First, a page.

‘I’m not saying that corona is like flu. But It has exactly the same excess death and age-ranges as flu, and flu is a very serious disease, so I’m not undermining [the existence of] #COVID.

Scientists are arrogant, and refuse to listen to people not in their fields. Scientists are getting away Scott-free for causing billions of dollars’ worth of damage, and this is something which cannot be allowed to happen.

‘It’s not just the World Health Organisation. #Ferguson wanted Sweden to lock down, and got Britain to lock down. And when the numbers become normal, exactly what you would expect without lockdown, he then says: “Ah, it’s because of lockdown”. This is terrible science. This is science which should go on trial. Scientists cannot cause damage like this and refuse to listen.

‘The fact is that #epidemiology and modelling has been a disgrace. They have not looked at the #data. They have been wrong at every turn. We’re going to see that, although coronavirus is a different disease, the net #impact of death is going to be very similar to severe flu. And it’s going to be that way without lockdown.

Michael Levitt, Professor of Structural #Biology at Stanford University since 1987, elected a Fellow of the Royal Society in 2001, made a member of the National Academy of Sciences in 2002, and received the Nobel Prize for #Chemistry in 2013.
#WHO #GB #COVID19 #new normal
The Infection of Science by Politics: A Nobel Laureate and Biophysicist on the Coronavirus Crisis
 
Scientific Research Center » New fossil named after metal band The Ocean https://www.mnhn.lu/science/2020/09/21/new-fossil-named-after-metal-band-the-ocean/?lang=en

When #science meets #music
#paleontology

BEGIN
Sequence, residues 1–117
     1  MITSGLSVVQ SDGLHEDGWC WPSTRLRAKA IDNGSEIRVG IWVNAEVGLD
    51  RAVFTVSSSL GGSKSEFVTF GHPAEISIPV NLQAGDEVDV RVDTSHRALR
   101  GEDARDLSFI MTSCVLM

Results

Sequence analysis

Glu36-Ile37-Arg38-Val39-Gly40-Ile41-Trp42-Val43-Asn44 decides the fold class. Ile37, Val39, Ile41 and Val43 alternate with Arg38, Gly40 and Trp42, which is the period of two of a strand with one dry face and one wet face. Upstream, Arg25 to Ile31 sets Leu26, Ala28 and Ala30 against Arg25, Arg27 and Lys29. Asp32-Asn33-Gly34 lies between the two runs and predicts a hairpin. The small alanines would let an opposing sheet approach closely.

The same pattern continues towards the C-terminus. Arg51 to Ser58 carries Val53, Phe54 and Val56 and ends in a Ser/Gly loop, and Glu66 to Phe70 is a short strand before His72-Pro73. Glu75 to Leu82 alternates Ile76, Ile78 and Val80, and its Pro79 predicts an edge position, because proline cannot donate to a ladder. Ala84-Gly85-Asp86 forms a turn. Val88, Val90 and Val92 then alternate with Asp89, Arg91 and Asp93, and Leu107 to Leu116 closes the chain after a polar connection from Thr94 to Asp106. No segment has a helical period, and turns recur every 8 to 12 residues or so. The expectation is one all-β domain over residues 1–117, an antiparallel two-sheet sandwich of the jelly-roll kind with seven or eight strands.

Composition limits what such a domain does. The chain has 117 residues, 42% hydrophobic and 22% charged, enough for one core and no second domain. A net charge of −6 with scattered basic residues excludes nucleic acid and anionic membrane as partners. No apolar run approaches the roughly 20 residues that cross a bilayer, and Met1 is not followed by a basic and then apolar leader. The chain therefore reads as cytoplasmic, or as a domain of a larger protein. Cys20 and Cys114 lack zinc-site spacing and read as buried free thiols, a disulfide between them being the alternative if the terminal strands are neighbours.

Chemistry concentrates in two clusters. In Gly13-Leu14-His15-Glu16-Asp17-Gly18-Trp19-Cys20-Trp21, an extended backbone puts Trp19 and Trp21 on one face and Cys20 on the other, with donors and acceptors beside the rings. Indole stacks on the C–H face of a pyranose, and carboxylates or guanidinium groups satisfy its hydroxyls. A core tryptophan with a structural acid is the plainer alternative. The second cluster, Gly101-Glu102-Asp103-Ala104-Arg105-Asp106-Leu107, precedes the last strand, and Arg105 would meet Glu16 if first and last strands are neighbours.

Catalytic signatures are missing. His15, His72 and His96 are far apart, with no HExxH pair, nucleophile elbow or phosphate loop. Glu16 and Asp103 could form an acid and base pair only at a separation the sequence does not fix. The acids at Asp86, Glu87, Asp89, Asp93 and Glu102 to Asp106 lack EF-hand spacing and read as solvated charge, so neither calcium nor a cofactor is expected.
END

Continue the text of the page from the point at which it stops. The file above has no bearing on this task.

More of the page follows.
New fossil named after metal band The Ocean
 
WebPlotDigitizer - Extract data from plots, images, and maps https://automeris.io/WebPlotDigitizer/

Very cool!
#science #software #graphs
 

New ESA podcast explores history of spaceflight in Europe








Join astronauts and experts for an aural journey through the history of European spaceflight in the latest series of ESA podcast, ESA Explores Time and Space.

#news #space #science #esa #europeanspaceagency
posted by pod_feeder_v2
 

New ESA podcast explores history of spaceflight in Europe








Join astronauts and experts for an aural journey through the history of European spaceflight in the latest series of ESA podcast, ESA Explores Time and Space.

#news #space #science #esa #europeanspaceagency
posted by pod_feeder_v2
 
#politics #science #antropology #work #rant #bullshit-jobs

In memory of David Graeber (RIP)

On the Phenomenon of Bullshit Jobs: A Work Rant (by David Graeber)


In the year 1930, John Maynard Keynes predicted that, by century's end, technology would have advanced sufficiently that countries like Great Britain or the United States would have achieved a 15-hour work week. There's every reason to believe he was right. In technological terms, we are quite capable of this. And yet it didn't happen. Instead, technology has been marshaled, if anything, to figure out ways to make us all work more. In order to achieve this, jobs have had to be created that are, effectively, pointless. Huge swathes of people, in Europe and North America in particular, spend their entire working lives performing tasks they secretly believe do not really need to be performed. The moral and spiritual damage that comes from this situation is profound. It is a scar across our collective soul. Yet virtually no one talks about it.

Why did Keynes' promised utopia—still being eagerly awaited in the '60s—never materialise? The standard line today is that he didn't figure in the massive increase in consumerism. Given the choice between less hours and more toys and pleasures, we've collectively chosen the latter. This presents a nice morality tale, but even a moment's reflection shows it can't really be true. Yes, we have witnessed the creation of an endless variety of new jobs and industries since the '20s, but very few have anything to do with the production and distribution of sushi, iPhones, or fancy sneakers.